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Engagement ring conundrum


#1

Hi all. Here is the latest from Birch Tree Studio. I have a
customer who wants me to make her engagement ring but she doesn’t
want anything mined in South AFrica (and no diamonds period so
Canadian diamonds are out too). We have the center stone picked out
–a four-carat sapphire from a local Sri Lankan mine that seems to
be acceptable to her. Now, she says she doesn’t want gold from
South Africa and the same for platinum.

My thoughts were (other than tearing my hair out) to see if anyone
here knows about getting something cast with Canadian gold? Or any
other gold from any other mine that is kind to its workers and the
environment? (an oxymoron, I know). Or platinum? Does anyone out
there work with titanium? That was the only other metal I could
think of. What is the long-term aesthetic of titanium? Can you
polish it? Does it hold stones in prongs? I really have not paid
any attention to titanium as a metal of choice for my work,
obviously. Do we fabricate it only or can it be cast?

Help Help help!!!

Diana Widman
Birch Tree Studio Jewelry Designs
825 South Waukegan Road A8 #184
Lake Forest, Il 60045-2665
847-235-1686
www.birchtreestudio.net


#2

You could also always look for sources of antique gold items, either
to use in its existing alloy, or to have custom refined to re-alloy.
if it’s from before about 1890, if I remember right, then it’s
unlikely to have been from south africa… You can buy gold
nuggets from California and Alaska, and the related Canadian areas
too, often sold as nuggets, which could be refined, or alloyed down
as is, if you don’t mind a less than precise alloy. And, via coin
dealers, there are also old coins that were minted in California
during and after the California gold rush, which were made of that
locally mined metal. While some cal gold coins are very pricey, one
can also find low quality worn ones, or “tokens”, which were used as
souvenirs, rather than coinage. Some of them aren’t so bad.

Peter


#3

Ask your customer if it would be possible or acceptable to make her
ring from a coin such as a Chinese “panda” or similar national
material. It might be possible to purchase Welsh gold.

Another way is to buy and use an ancient coin - Greek or Roman. It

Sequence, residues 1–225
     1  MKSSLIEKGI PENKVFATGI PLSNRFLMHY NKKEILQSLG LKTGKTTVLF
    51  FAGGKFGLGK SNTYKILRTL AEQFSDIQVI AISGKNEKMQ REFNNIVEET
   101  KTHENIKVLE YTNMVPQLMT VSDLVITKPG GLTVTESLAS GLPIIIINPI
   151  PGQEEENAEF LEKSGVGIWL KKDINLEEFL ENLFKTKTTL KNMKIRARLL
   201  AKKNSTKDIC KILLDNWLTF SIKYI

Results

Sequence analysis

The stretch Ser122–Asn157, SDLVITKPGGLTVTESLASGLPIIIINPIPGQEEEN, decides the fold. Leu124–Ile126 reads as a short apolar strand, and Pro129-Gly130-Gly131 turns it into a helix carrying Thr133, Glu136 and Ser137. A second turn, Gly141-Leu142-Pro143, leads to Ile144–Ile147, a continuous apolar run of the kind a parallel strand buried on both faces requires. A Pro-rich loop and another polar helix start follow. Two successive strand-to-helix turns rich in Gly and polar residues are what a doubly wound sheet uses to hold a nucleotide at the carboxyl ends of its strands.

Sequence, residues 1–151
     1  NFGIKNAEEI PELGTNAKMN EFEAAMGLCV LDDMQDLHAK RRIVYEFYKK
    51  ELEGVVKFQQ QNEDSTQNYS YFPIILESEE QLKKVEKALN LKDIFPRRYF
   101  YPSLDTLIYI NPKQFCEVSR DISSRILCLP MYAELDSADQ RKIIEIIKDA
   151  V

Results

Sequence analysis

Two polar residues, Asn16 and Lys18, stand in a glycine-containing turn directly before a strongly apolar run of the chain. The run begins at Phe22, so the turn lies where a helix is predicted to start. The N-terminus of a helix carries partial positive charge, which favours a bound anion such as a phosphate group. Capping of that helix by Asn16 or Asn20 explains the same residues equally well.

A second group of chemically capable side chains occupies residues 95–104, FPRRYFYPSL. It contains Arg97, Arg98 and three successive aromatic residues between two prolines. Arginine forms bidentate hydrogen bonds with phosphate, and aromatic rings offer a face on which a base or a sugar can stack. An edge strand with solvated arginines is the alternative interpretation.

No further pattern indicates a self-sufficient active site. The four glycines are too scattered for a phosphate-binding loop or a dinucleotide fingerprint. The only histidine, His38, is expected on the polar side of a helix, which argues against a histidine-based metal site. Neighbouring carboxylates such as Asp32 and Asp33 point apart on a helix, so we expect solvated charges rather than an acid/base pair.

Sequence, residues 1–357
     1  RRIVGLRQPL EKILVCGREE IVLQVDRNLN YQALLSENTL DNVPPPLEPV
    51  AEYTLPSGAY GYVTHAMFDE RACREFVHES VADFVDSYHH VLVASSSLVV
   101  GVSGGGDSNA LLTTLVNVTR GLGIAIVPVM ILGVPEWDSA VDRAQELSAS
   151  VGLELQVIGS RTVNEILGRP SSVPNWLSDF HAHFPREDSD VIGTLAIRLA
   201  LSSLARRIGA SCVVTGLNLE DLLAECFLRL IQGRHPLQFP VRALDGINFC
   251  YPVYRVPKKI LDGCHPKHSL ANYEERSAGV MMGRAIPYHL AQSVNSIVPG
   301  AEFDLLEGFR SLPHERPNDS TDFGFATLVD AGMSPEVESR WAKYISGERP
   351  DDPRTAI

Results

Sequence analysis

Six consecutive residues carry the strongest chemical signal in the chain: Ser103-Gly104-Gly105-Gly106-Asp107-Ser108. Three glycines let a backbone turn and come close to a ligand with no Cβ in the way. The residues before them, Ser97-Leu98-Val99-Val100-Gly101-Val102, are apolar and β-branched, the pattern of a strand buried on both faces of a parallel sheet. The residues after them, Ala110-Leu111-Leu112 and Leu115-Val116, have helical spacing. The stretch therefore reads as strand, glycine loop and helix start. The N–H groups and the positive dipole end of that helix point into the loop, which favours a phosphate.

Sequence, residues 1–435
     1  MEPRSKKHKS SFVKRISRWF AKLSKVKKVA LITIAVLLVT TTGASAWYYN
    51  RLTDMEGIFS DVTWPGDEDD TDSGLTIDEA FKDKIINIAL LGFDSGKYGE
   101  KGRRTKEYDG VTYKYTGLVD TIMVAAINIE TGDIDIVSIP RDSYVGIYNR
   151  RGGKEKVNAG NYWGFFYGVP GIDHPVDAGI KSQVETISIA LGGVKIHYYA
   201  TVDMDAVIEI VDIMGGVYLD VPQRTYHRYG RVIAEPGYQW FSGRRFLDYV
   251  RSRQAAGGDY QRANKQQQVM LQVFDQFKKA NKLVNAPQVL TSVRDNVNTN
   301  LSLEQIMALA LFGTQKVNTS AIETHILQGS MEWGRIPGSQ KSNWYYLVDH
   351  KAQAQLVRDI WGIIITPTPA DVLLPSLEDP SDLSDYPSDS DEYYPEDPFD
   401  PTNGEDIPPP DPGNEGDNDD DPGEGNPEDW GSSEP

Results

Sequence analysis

is possible to buy very worn coins that numismatists value low.

Tony Konrath
908 Fleming Street
Key West Florida 33040
Tel 305 295 7334
Fax 305 294 4433


#4

Diana, you definitely have a problem. For what it is worth, I would
send this client to my competition in a heartbeat. The irrationality
at work here leaves you on the hook no matter what you do. Why where
ever the gold comes from, some of the mass will be gold stolen from
the Native Americans, the Incas, the Jews, etc. There is the melting
pot factor at work here. Maybe she needs to be reminded of this A
mine kind to its workers? Come on now. Check the recent issue of
"Smithsonian" magazine’s article on the silver mining at Potisai in
Bolivia (spelling?). The old woman’s face will haunt me as long as I
work in metals as to the price paid by her family for the privilege
to do what I do. By any chance does she drive a SUV?

Now that I have stirred up the hornets’ nest and kicked more than
one sacred cow, I think I will run to the nearest old mine shaft for
cover.

Your call but I would let this one go.

Bill


#5

Diana, I used to be an exploration geologist and always harboured a
desire to make an engagement ring out of a gold nugget, suitably
alloyed. If you werre feeling brave this may be an option for you, as
nuggets are invariably sold with a provenance, they are also quite
easy to find on the internet (I have complete faith in google) as
finders can charge a premium for the rearity of a nugget above the
weight of the gold. If you alloyed with “native copper” - basically a
copper nugget - which geological specimin suppliers may stock (I have
a piece which I picked up from a mine in the US), then you would be
joining two nuggets which had formed over millions of years of
undisturbed mineral growth, this, if correctly pitched could well
result in your client agreeing to pay the hefty amount which all of
this extra work would entail. Platinum is more difficult, the only
other big regional producer is somwhere in the former Soviet Union
and if your client is keen on avoiding the RSA stuff for
environmental or humanitarian reasons it probably wont measure up.
One thought would be to find a source of recycled platinum, it is
the catalyst in most car’s catalystic converters, as well as having
wider industrial aplications, and I would be surprised if it was not